New York Senate just voted to ban animal sales in pet stores



The New York State Senate passed a pet store ban to ban the retail sale of dogs, cats and rabbits.

Bill S.1130 seeks to end commercial breeding operations, also known as puppy mills. It is sponsored by Queens Senator Michael Gianaris and is also supported by a number of animal welfare organizations including the Humane Society of the United States, the ASPCA and Animal Legal Defense Fund.

“With so many good animals in need of rescuing, there is no need for puppy mills that mistreat animals to supply pet stores. Our four-legged companions should be treated with respect, not as commodities ”, Gianaris said in a statement.

Biparty legislation was introduced by Gianaris and Manhattan MP Linda B. Rosenthal in 2018. It was passed in the New York State Senate in 2019; however, he did not reach the floor of the Assembly.

But Gianaris has high hopes for the bill this year. “We are seeing progress in the Assembly this year. Hopefully this will be implemented before the end of the session ”, he told Pix11 news.

Once approved, the legislation will enter into force one year after its adoption. Pet stores will not be able to sell pets obtained from breeders. However, he encourages pet stores to work with animal rescue groups and humanitarian companies to offer their animals for adoption.

New York pet store ban

A puppy mill, also known as a puppy farm, is a dog breeding establishment that intensively, and in many cases inhumanely, breeds dogs for sale. Puppies sold in pet stores usually come from these factories.

Puppy mills often raise animals in appalling living conditions without adequate veterinary care, shelter and food.

“If consumers knew where the puppies, kittens and rabbits sold in pet stores came from, they would be appalled. The conditions and treatments these animals undergo are inexcusable ‘, said Libby Post, executive director of the New York State Federation of Animals, a supporter of the bill. “This bill prevents pet stores and unwitting consumers from supporting an inhumane industry.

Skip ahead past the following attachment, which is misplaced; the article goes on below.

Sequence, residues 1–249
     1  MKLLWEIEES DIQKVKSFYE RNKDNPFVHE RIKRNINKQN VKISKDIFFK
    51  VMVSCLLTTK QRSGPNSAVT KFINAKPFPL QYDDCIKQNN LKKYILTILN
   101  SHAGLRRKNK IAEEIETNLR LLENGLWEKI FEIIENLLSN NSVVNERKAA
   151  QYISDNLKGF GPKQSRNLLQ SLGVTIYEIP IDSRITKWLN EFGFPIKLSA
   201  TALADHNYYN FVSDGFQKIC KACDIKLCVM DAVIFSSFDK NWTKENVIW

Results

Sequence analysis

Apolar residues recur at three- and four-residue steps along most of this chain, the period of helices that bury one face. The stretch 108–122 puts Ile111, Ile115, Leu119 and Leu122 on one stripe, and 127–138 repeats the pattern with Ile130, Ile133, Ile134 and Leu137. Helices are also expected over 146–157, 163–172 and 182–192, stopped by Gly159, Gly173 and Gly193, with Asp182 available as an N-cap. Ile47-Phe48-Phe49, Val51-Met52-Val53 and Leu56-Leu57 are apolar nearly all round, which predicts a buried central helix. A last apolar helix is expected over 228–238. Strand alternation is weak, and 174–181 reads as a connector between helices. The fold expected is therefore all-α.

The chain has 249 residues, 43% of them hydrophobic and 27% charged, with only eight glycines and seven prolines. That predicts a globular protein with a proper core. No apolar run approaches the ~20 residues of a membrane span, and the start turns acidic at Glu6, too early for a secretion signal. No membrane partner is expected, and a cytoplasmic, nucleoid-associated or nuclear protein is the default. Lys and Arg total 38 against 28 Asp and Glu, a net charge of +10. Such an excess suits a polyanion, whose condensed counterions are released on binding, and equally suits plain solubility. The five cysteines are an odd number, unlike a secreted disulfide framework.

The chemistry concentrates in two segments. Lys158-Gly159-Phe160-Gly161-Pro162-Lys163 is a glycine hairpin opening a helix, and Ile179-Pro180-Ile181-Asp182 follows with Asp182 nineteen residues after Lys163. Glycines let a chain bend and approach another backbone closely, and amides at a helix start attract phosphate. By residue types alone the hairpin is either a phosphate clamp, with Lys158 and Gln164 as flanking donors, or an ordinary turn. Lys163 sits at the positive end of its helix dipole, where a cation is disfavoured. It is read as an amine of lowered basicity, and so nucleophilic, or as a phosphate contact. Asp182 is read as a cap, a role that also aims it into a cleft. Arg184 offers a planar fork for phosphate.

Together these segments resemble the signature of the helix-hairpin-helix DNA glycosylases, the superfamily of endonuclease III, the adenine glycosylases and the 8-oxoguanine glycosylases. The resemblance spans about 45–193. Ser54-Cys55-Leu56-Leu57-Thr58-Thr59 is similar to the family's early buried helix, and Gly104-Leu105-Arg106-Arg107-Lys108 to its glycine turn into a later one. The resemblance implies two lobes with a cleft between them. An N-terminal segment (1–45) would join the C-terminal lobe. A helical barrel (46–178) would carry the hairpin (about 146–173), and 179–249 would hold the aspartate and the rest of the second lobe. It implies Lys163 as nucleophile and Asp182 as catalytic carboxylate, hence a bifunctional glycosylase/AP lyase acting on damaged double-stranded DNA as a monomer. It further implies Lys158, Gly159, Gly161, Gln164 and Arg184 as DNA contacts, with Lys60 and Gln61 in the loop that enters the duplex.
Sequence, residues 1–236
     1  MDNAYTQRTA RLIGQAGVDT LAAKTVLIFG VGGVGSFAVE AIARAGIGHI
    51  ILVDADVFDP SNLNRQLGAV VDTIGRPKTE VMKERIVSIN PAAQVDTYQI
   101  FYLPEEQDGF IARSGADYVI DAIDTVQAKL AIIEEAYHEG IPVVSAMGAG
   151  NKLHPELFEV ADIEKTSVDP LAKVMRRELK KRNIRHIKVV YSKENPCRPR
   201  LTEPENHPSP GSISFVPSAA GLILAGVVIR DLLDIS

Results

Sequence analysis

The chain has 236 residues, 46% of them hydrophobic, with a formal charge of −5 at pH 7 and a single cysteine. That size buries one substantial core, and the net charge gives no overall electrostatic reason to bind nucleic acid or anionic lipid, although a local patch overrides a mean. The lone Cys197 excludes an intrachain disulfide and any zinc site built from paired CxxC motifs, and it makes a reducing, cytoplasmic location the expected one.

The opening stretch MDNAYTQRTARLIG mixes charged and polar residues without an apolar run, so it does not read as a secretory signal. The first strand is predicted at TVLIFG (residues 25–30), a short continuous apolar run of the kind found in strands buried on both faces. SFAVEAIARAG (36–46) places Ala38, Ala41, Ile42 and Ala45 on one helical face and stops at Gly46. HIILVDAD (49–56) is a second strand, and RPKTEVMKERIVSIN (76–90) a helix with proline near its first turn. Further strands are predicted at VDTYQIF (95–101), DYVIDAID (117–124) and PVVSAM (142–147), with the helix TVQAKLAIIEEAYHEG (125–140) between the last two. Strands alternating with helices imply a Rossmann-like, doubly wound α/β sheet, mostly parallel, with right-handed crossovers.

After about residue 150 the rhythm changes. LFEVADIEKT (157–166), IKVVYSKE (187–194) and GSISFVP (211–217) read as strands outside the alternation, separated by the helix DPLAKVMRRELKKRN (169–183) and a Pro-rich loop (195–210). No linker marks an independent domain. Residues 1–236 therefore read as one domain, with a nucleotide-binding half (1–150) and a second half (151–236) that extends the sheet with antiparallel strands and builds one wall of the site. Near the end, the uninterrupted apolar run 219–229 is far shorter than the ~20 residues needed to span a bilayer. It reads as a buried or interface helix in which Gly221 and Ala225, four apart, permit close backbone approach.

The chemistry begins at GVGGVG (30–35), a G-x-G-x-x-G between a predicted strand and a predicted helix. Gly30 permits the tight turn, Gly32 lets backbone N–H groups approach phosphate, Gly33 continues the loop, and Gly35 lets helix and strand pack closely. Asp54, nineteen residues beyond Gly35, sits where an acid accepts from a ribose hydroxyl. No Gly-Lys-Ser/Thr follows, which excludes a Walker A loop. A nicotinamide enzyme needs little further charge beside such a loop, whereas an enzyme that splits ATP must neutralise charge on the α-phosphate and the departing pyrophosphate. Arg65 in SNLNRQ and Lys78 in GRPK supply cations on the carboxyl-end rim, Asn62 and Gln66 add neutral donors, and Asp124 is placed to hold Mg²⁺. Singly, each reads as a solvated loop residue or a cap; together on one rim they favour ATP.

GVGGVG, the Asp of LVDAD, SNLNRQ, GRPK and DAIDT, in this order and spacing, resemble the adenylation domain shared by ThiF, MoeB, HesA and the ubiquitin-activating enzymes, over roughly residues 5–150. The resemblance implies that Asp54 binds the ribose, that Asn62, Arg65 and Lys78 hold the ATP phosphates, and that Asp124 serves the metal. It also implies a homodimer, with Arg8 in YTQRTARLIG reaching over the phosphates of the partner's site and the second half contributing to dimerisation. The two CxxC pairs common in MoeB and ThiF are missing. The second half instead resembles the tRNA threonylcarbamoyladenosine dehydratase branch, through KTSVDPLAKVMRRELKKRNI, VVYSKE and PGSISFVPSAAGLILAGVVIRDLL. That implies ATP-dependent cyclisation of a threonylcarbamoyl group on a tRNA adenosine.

Last year, a secret Humane Society investigation found that several puppy mills in Arkansas, Kansas and Missouri were raising dogs in “conditions that are far removed from the happy and comfortable environments that pet stores generally claim. their puppies come from “. Twenty New York pet stores have purchased puppies from several of these breeders.

New York City has one of the highest concentrations of pet stores in the United States and the new legislation could change the lives of hundreds of animals.

“The shutdown of the puppy mill pipeline will help prevent unscrupulous breeders from engaging in and profiting from unreasonable brutality.”
Matt Bershadker, president and CEO of ASPCA, said in a statement. “We are delighted to see the Senate pass this bill, and we look forward to working with Senator Gianaris and Assembly Member Rosenthal to advance the bill throughout the Legislature into law. , signaling New York’s determination to reject animal cruelty statewide. “

About the Author

PERSONAL WRITER | LOS ANGELES, CA Audrey writes on sustainability, food and entertainment. She holds a bachelor’s degree in audiovisual journalism and political science.



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